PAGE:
Grandma and Niña dance, sing, laugh, and eat pan dulce in the park together. But one day the child forgets about her grandmother as school and friends take precedence.
At the same time, the Mexican economy worsens, and suddenly the money Abuela has been saving for her granddaughter’s special gift is worthless. Niña visits after a long absence only to find Abuela not home. Seeing the stack of dirty dishes, the layer of dust, and overflowing trash bin, the young girl cleans the house. Spotting a spiderweb-draped clay pot on the fridge, she opens it to discover useless old pesos. When Abuela returns, she and Niña embrace, make papel picado out of the old bills, and eat pan dulce in the park. Ruiz’s simplistic story makes almost no sense from the beginning. No parents are ever in evidence, so many readers will assume that Abuela is Niña’s sole guardian. Then, suddenly, the girl lives somewhere else and no longer comes around—even though she lives close enough to visit on her own. Abuela puts away a paltry 20 pesos each week, but the jar is miraculously filled with large bills (these are collaged into the illustration). When Abuela no longer has extra money to set aside, she forgets about the jar and fails to exchange the contents for the new official currency. The disarray in which Abuela leaves her house will strike many as hard to believe.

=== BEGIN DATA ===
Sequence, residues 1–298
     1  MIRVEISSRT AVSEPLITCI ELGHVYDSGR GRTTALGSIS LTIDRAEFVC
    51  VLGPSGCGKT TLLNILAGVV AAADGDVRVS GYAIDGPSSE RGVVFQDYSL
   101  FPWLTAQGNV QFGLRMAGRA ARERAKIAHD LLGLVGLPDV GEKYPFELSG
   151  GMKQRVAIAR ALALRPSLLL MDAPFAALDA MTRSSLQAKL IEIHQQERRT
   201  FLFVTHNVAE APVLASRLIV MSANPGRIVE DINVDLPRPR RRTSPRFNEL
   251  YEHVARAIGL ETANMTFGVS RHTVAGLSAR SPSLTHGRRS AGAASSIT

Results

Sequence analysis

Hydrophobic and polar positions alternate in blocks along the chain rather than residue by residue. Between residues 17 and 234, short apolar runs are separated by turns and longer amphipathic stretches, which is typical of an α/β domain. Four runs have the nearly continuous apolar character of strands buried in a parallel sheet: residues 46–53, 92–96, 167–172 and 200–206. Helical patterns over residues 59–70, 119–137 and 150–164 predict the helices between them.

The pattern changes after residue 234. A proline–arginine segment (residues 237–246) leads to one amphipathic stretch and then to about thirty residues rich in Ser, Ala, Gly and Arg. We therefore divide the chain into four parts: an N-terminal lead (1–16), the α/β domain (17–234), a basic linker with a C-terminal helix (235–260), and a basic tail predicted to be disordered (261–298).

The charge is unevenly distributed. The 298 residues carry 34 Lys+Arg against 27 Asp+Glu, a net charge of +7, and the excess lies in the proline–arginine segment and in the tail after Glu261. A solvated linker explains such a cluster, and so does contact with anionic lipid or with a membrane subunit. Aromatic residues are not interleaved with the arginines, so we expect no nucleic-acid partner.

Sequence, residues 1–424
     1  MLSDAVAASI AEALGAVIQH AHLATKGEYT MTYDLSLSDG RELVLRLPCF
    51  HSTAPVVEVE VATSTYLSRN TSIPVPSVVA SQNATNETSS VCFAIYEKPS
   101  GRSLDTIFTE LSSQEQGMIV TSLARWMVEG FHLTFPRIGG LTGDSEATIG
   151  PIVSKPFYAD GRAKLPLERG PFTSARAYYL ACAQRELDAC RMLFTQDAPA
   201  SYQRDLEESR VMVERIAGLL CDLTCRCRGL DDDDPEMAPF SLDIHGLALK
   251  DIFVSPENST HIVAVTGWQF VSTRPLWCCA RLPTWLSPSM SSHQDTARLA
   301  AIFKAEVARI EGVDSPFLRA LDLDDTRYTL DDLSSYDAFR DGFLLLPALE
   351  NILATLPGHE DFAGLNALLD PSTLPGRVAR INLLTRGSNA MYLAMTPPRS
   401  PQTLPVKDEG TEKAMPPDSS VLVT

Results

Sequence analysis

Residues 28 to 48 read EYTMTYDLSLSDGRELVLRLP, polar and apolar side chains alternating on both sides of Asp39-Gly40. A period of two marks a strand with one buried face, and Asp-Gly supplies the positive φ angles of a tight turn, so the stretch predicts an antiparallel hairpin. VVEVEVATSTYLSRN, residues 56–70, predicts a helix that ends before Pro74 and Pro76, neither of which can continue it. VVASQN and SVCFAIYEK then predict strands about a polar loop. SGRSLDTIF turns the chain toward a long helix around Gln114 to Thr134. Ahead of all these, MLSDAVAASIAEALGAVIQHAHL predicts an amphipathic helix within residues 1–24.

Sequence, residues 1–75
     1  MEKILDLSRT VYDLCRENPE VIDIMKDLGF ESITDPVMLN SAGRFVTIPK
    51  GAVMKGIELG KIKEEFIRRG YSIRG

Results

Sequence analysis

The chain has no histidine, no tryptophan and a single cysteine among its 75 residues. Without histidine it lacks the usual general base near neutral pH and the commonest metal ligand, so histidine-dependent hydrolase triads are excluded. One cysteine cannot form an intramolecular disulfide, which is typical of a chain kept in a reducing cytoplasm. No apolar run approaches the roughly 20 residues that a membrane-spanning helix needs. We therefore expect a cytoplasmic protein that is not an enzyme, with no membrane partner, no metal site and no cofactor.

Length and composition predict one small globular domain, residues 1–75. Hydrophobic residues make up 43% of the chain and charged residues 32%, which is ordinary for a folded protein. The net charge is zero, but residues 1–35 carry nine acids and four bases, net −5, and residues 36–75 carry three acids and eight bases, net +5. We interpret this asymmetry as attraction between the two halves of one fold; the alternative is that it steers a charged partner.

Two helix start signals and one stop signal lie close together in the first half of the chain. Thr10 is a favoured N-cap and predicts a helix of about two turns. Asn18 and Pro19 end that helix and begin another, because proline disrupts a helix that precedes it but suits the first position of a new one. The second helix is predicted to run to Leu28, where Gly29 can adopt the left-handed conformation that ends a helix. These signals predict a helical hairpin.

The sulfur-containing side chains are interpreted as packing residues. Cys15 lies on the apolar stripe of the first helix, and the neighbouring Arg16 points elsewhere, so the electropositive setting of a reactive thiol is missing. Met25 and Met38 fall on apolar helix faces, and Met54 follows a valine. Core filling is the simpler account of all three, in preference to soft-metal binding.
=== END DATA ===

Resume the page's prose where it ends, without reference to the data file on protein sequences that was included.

Ruiz’s muted multimedia prints are charming; the story is not. (Picture book. 4-7)